The problem of youth unemployment has rightly been highlighted as one of the major issues facing European countries today. The newspapers have fastened on the shocking statistic that the unemployment rate among Spaniards and Greeks aged 15 - 25 is about 50 per cent, while the rate for the EU as a whole is about 20 per cent. These are alarming numbers, but they are also somewhat misleading.
As Stephen Hill pointed out in a piece in the Financial Times on June 24th, the unemployment rate may not be the best measure of labour market conditions among young people who have opportunities to stay in the educational and training systems rather than entering a depressed labour market. For this reason, an alternative measure, the unemployment ratio, has gained currency.
The conventional unemployment rate is the numbers ‘unemployed’ as a proportion of the ‘labour force’. The ‘labour force’ is the sum of the employed and unemployed. The ‘unemployed’ are those actively seeking work, but not at work. (For young people it is of interest to break unemployment down into those ‘looking for first regular job’ and those who are ‘unemployed having lost or given up previous job’.)
The problem with using the unemployment rate to measure labour market conditions among young people is that the denominator does not include those who are in the educational system or on full-time training courses. During a recession, the higher the proportion of a youth cohort that stays on in school or college or in training, the smaller the labour force and the higher the unemployment rate. This is perverse.
By using the whole cohort as the denominator, the unemployment ratio avoids this pitfall and it may be argued that it therefore provides a clearer picture of hardship being caused by the lack of employment. (Of course this is subject to the reservation that increased educational participation may involve putting square pegs in round holes, with some young people taking courses in which they have no interest.)
The limitations of the unemployment rate as a measure of labour market conditions among the youth population is acknowledged by Eurostat, who now publish both the ratio and the rate for the population aged 15-24. (Their recent figures for Ireland for 2011 are low and may not reflect the latest Census returns.)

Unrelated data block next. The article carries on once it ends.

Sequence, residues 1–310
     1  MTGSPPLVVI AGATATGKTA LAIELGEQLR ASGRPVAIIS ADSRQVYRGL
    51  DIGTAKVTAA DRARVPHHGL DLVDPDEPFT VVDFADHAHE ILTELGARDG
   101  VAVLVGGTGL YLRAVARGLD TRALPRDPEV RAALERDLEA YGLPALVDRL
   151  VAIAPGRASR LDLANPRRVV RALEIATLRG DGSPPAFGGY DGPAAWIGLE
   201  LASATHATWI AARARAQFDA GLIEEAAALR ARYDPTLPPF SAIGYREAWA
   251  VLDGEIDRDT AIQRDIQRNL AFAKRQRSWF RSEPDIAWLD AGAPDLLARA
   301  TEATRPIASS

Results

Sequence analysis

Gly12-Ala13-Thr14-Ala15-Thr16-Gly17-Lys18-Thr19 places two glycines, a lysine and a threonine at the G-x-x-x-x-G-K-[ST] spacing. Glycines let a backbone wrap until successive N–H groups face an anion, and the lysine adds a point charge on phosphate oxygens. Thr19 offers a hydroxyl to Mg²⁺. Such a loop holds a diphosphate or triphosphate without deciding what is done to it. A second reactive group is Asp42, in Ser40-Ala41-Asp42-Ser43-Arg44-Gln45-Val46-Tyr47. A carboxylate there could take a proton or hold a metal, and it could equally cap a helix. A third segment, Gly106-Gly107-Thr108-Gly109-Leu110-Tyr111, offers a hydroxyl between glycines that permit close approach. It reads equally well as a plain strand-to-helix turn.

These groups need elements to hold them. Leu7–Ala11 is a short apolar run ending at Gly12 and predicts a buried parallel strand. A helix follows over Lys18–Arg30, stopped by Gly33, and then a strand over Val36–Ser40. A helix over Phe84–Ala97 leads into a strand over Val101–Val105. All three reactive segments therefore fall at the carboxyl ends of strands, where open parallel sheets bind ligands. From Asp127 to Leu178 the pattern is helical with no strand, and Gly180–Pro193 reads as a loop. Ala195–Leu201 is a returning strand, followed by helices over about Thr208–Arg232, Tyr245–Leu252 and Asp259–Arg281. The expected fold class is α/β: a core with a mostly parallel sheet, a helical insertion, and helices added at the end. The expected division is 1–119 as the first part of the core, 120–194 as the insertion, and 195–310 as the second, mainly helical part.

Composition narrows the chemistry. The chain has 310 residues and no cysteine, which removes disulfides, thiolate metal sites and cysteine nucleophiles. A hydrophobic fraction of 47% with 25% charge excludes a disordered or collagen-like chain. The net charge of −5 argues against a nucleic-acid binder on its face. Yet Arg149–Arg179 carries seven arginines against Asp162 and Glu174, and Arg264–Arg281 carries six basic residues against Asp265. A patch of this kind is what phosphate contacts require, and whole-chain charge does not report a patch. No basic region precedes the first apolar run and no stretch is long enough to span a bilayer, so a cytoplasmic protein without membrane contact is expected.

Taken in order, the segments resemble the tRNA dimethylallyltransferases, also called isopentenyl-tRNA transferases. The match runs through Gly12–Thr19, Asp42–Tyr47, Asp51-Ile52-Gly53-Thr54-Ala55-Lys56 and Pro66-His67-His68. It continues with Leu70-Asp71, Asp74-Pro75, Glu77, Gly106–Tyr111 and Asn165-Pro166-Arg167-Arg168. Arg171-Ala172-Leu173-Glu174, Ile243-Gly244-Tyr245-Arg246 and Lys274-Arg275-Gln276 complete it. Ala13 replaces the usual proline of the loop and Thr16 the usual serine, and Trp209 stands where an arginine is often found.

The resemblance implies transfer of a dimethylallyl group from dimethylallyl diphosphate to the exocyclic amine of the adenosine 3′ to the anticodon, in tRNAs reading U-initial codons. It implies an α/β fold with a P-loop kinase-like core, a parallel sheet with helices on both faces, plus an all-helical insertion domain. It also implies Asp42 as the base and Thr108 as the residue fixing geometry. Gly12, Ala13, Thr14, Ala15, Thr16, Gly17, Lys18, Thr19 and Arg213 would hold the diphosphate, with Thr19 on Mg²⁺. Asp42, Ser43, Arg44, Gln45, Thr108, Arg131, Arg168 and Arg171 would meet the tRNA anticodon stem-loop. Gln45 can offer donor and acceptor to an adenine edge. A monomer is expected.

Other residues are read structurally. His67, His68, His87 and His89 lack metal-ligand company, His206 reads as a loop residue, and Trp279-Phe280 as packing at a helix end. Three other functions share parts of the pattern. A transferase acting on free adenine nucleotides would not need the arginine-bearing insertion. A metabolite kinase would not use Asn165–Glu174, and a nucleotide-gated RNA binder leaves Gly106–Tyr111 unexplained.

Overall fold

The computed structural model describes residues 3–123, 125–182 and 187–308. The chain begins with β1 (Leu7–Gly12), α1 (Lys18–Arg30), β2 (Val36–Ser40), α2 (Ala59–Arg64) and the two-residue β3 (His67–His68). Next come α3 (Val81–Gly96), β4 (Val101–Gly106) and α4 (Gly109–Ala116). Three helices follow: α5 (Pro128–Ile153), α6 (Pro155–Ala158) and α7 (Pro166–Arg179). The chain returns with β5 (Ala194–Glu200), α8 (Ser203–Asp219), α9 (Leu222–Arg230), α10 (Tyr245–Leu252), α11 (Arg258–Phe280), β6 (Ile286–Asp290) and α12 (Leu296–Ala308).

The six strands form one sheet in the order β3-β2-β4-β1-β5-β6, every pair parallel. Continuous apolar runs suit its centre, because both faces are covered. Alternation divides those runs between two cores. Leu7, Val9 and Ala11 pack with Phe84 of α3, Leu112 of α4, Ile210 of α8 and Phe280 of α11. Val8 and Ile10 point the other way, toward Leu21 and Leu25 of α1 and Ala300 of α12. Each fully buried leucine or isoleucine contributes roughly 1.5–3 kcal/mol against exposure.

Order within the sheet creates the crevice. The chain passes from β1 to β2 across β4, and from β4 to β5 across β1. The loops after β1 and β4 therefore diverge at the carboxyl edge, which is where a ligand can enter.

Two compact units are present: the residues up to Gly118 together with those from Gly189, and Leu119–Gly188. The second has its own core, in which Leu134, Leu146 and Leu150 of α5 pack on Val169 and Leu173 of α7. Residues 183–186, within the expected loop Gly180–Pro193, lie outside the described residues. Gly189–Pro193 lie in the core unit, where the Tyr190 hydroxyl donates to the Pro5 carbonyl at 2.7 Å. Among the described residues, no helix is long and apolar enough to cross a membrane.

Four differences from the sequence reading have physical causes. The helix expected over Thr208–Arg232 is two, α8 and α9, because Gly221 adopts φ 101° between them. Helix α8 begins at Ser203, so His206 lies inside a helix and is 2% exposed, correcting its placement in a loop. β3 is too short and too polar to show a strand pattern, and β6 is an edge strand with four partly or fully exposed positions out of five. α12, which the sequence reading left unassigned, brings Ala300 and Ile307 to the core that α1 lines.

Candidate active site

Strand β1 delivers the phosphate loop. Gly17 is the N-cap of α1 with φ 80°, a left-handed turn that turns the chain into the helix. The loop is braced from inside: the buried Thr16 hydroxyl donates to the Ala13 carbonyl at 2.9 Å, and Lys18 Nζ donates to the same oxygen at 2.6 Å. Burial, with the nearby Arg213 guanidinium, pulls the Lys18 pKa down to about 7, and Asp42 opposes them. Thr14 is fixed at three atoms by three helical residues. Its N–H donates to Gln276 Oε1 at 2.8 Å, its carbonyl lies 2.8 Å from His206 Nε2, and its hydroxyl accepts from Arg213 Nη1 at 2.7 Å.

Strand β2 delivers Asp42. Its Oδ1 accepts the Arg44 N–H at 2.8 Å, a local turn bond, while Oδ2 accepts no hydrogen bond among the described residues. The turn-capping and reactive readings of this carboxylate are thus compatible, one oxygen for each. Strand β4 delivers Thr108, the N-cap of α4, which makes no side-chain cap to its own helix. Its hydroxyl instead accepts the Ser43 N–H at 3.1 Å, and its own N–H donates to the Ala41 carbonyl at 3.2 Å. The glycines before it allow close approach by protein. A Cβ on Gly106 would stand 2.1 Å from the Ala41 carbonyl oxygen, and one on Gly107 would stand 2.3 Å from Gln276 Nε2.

The distinction between the unemployment rate and ratio certainly matters. Data in the recently-released 2011 Census of Population volume This is Ireland Part 2 show the population classified by ‘principal economic status’. These reveal an unemployment rate of 38.7 per cent among the population aged 15-24 compared with an unemployment ratio of 14.2 per cent. While the ratio of 14.2 per cent gives no grounds for complacency, it is less alarming than the headline rate of almost 40 per cent.
It is perhaps even more important to note that the unemployment ratio has not risen as dramatically as the unemployment rate since the onset of the recession in 2008. The Figure displays the three concepts based on the 2006 and 2011 Census data.
(The Table at the end provides more details.)
Whereas the unemployment ratio doubled, the rate rose by 150 per cent. Thus, the rate tends to overstate both the level of unemployment among young people and the rate at which it has risen.
It may, however, be objected that the unemployment ratio includes all those who are not in the labour force in the denominator but excludes discouraged workers and similar forms of disguised unemployment from the numerator. This bias would certainly be significant among older workers, who are more likely to cease looking for work and to drop out of the labour force because no jobs are available. Its effect on the youth data, however, is smaller because labour force categories other than ‘employed’, ‘student, and ‘unemployed’ are relatively unimportant among the young. In 2011 less than 2 per cent of population aged 15- 24 are classified as ‘looking after home/family’!
None the less, to take account of ‘dsicouraged workers’ it is worth looking at another concept that has gained some currency . This is the NEET ratio. It refers to the proportion of the population that is Not in Employment, Education or Training. To calculate this ratio for Ireland I have assumed that those in ‘(full-time) training’ are classified as ‘students’ in the Census. The resulting ratio must, by definition, fall between the unemployment ratio and the unemployment rate. From the Figure we can see that it lies closer to the unemployment ratio. Moreover, it has risen less rapidly than either the unemployment rate or ratio. In 2011 the NEET ratio was ‘only’ 65 per cent above it 2006 level.
It is striking that the widely-used unemployment rate is so much higher, and has risen so much more, than the alternative – and arguably better – measures of the situation in the youth labour market.
The reason why the unemployment rate overstates both the level and rise in Irish youth unemployment is the high level of educational participation and its marked increase over the past five years. The proportion of the 15-24 year-old population in the educational system rose from 50.1 per cent in 2006 to 60.5 per cent in 2011. While not all of the additional years of schooling will be as productive as we would wish, being in the educational system is less wasteful than being unemployed. This aspect of the adjustment to the present crisis is concealed by the conventional youth unemployment rate.
None the less, we cannot lose sight of the collapse of employment among the youth population. In 2006 39.5 per cent of the population aged 15-24 was in employment. By 2011 this percentage had fallen to 22.5. Among those aged 20-24 the rate declined from 60.0 to 39.0. While the youth unemployment crisis may not be as severe as suggested by the headline youth unemployment rate, it is a crisis.